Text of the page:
Figure 7
 
Expression profiles of HA and K14 in the corneas of HAS1−/−;HAS3−/−, HAS2Δ/ΔCorEpi, TSG-6−/−, and wild-type mice. HA (red) and K14 (green) were stained in uninjured (A) and alkali burnt (B) corneas of HAS1−/−;HAS3−/−, HAS2Δ/ΔCorEpi (induced at P21 and P7), TSG-6−/−, and wild-type mice and images captured of the limbal region (Limbus) and central cornea (Central). The TSG-6−/− and wild-type mice show HA staining in the corneal limbus, whereas HAS1−/−;HAS3−/− and HAS2Δ/ΔCorEpi (induced at P21 and P7) mice lack HA staining in the limbus. Two weeks after alkali burn, TSG-6−/− mice present an increase in HA expression into the peripheral cornea, HAS1−/−;HAS3−/− and HAS2Δ/ΔCorEpi (induced at P21 and P7) mice express HA throughout the entire cornea, whereas wild-type mice present no changes in HA expression after injury. The dashed line (lower right image) shows the division between epithelial cells and the stroma and the asterisks mark where epithelial cells are growing into the stroma. Scale bar: 20 μm.
Expression Profile of HA After Alkali Burn Wounding of Corneas From HAS1−/−;HAS3−/−, HAS2ΔCorEpi, and Wild-Type Mice
To verify the expression profile of HA after injury, HA was localized in the corneas of wild-type, HAS1−/−;HAS3−/−, HAS2ΔCorEpi, and TSG-6−/− mice 2 weeks after alkali burn. Interestingly, after injury HAS1−/−;HAS3−/− mice presented a great increase in HA expression, which was no longer restricted to the limbal region, but spread throughout the entire corneal epithelium (Fig. 7B). 
HAS2ΔCorEpi mice also presented irregular epithelial cell sheets 2 weeks after alkali burn (dashed line, Fig. 7B), with some regions presenting epithelial cells growing into the stroma region (asterisks, Fig. 7B). Interestingly, HAS2ΔCorEpi mice also presented K14- cells within the cornea 2 weeks after alkali burn, which, as mentioned previously, were identified as goblet cells (Fig. 4). TSG-6−/− mice presented an increase in HA expression 2 weeks after alkali burn that was also no longer restricted to the limbal region, but present in the epithelium of the peripheral cornea (Fig. 7B).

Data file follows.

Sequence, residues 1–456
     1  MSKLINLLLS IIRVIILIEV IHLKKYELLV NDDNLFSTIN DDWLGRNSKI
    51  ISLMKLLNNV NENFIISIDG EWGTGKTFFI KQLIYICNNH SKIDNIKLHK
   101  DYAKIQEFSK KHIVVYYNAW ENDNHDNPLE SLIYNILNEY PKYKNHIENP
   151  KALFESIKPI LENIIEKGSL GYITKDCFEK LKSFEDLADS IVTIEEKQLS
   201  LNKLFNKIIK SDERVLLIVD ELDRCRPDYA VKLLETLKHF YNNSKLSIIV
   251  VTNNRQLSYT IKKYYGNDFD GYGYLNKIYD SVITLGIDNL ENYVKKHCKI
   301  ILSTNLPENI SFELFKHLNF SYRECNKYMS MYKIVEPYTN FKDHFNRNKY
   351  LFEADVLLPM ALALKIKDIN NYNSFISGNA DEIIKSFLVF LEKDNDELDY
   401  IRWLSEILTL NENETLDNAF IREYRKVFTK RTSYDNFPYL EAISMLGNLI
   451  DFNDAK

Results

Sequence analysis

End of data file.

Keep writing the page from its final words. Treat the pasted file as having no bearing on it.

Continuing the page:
Epithelial and Limbal Stem Cell Markers
Our findings suggest that corneal LSCs secrete an HA rich niche. To establish whether the HA within the limbal stem cell niche has a role in maintaining the limbal stem cells in their multipotent state, we analyzed the expression profile of LSCs (keratin 15, K15+ cells) and of differentiated epithelial cells (keratin 12, K12+ cells) in the corneas before and after alkali burn in the HA LSC niche and throughout the corneas of HAS1−/−;HAS3−/−, HAS2ΔCorEpi, TSG-6−/−, and wild-type mice (Fig. 8). In the uninjured corneas, no obvious differences in K12+ cell expression were observed in TSG-6−/− mice when compared with wild-type mice. However, HAS2ΔCorEpi induced at P7 presented K12+ cells in the limbus, and no K15+ cells, thus the loss of HA due to the ablation of HAS2 could lead to limbal stem cell deficiency in HAS2ΔCorEpi induced at P7 or earlier (Fig. 8). On the other hand, HAS1−/−;HAS3−/− and HAS2ΔCorEpi mice induced at P21 presented an increase in K15+ cells into the peripheral cornea, which was more significant in the HAS1−/−, HAS3−/− mice (Fig. 8). Interestingly, after alkali burn, HAS1−/−;HAS3−/− and HAS2ΔCorEpi mice presented a loss of K12+ cells in the central and peripheral corneas. These mice also presented an increase in K15+ cells, which became present throughout the cornea, coinciding with the increase in HA expression (Fig. 8). Therefore, HAS1−/−;HAS3−/− and HAS2ΔCorEpi mice presented expression of the limbal stem cell niche (HA) throughout the cornea, which led to the presence of LSCs (K15+ cells) throughout the entire corneal epithelium. The presence of K12/K15 cells in the corneas of HAS2ΔCorEpi mice after alkali burn could be noted, which were identified as goblet cells (Fig. 4). TSG-6−/− mice present K15+ cells in the peripheral cornea, which also coincided with the extended HA expression in the peripheral cornea (Fig. 8).